Suppose that in a chain, the most recent epoch boundary blocks are B1, B2, B3, B4 (B4 being the most recent), with the epoch boundary corresponding to B4 having slot B4\_slot (then B3 has slot B3\_slot = B4\_slot - 64, etc). If the chain has accepted attestations from \frac{2}{3} of all validators that specify B4 as the epoch boundary block, then it admits (B4\_slot, B4) into \mathit{justified\_hashes}.
That is, an epoch boundary block is “justified” if \frac{2}{3} of all validators sign a message whose epoch boundary hash is that block, and the block becoming part of \mathit{justified\_hashes} in some chain means that the block is justified and the information proving that the block is justified has been included in that chain.
In the following three cases, we “finalize” a block:
- If B4 and B3 are in \mathit{justified\_hashes} and the attestations that justified B4 used B3 as the latest justified hash, then we finalize B3.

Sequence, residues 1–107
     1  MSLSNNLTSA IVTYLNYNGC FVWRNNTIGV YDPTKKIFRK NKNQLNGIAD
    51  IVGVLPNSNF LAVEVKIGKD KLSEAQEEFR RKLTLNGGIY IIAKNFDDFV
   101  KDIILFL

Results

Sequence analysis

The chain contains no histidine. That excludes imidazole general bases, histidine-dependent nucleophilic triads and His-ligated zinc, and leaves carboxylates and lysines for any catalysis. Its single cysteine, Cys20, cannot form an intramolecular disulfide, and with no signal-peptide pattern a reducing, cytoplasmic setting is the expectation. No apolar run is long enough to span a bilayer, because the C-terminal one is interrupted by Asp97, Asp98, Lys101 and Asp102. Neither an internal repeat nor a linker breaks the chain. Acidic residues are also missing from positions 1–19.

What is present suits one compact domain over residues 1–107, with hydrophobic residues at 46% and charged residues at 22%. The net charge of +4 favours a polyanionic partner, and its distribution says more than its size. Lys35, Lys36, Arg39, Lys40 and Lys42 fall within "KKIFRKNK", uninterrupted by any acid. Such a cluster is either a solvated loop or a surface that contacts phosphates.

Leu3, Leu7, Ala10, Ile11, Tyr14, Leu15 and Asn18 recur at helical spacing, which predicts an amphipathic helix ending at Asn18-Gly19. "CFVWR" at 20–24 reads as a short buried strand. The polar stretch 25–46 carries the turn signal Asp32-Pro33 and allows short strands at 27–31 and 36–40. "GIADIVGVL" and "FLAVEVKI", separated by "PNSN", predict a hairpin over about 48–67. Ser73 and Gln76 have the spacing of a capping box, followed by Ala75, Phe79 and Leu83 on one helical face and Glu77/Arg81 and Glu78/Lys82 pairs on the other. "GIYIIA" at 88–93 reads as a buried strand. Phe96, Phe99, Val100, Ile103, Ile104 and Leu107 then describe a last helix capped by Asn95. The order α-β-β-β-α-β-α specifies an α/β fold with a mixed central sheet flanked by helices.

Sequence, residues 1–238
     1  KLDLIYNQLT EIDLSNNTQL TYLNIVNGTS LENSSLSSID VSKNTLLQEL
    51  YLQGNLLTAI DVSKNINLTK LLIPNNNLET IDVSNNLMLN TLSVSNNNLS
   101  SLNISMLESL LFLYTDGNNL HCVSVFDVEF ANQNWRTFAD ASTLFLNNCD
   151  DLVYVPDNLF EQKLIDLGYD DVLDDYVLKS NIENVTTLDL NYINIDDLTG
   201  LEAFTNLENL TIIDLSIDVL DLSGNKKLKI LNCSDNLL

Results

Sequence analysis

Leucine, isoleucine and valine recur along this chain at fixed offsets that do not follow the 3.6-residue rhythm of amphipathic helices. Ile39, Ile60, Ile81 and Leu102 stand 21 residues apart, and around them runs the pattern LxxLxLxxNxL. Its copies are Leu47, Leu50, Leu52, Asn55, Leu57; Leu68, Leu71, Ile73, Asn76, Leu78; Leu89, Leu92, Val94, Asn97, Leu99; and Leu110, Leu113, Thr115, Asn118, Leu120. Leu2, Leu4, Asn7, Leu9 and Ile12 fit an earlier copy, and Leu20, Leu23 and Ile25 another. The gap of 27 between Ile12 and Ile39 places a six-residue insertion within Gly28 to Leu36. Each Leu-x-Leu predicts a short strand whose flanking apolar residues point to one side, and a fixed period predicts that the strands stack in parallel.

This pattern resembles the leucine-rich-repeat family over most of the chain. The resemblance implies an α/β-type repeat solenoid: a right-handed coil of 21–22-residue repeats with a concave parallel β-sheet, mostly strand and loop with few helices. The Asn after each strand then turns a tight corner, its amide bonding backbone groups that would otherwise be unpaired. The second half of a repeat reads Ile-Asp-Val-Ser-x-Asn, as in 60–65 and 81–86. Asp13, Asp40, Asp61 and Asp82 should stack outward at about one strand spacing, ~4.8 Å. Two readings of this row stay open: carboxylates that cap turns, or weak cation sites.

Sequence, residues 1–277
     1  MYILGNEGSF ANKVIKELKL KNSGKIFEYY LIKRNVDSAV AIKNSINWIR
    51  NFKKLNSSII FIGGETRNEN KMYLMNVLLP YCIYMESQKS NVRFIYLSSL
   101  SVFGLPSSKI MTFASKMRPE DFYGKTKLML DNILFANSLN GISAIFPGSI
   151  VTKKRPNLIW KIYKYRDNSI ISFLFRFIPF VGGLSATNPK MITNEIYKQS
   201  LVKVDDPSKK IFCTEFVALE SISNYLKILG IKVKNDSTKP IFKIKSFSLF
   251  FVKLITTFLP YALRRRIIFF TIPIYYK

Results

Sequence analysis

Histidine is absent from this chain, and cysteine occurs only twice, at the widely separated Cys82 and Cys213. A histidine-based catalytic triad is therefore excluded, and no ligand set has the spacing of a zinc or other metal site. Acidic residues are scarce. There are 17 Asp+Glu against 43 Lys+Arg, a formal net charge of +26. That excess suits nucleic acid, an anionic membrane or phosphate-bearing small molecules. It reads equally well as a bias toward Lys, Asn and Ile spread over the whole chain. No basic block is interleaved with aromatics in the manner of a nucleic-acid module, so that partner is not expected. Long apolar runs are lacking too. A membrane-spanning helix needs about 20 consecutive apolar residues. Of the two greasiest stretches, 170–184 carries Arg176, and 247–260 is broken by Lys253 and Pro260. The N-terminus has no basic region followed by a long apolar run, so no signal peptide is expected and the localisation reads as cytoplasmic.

- If B4, B3 and B2 are in \mathit{justified\_hashes} and the attestations that justified B4 used B2 as the latest justified hash, then we finalize B2.
- If B3, B2 and B1 are in \mathit{justified\_hashes} and the attestations that justified B3 used B1 as the latest justified hash, then we finalize B1.
Note that the algorithm can work if only the first rule exists, but we add the other two rules to satisfy the cases where it takes longer for attestations to get included in the chain.
We change the fork choice rule above so that instead of starting H from the genesis block, it works as follows:
- Set H_F to the highest-slot finalized block.
- Set H_J to the highest-slot block which is justified and the client has known is justified for some time (precisely, if T_F is the time the client learned about the highest-slot finalized block, T_J is the time the client learned about some given justified block, then the client takes that block into account starting at slot T_F + (T_J - T_F) * 3
- Start the fork choice from H_J.
We then add two slashing conditions:
- A validator cannot make two distinct attestations in the same epoch
- A validator cannot make two attestations with epoch boundary slots t1, t2 and justified slots s1, s2 such that s1 < s2 < t2 < t1 and s2 & t2 are consecutive epoch boundary slots.
Claims: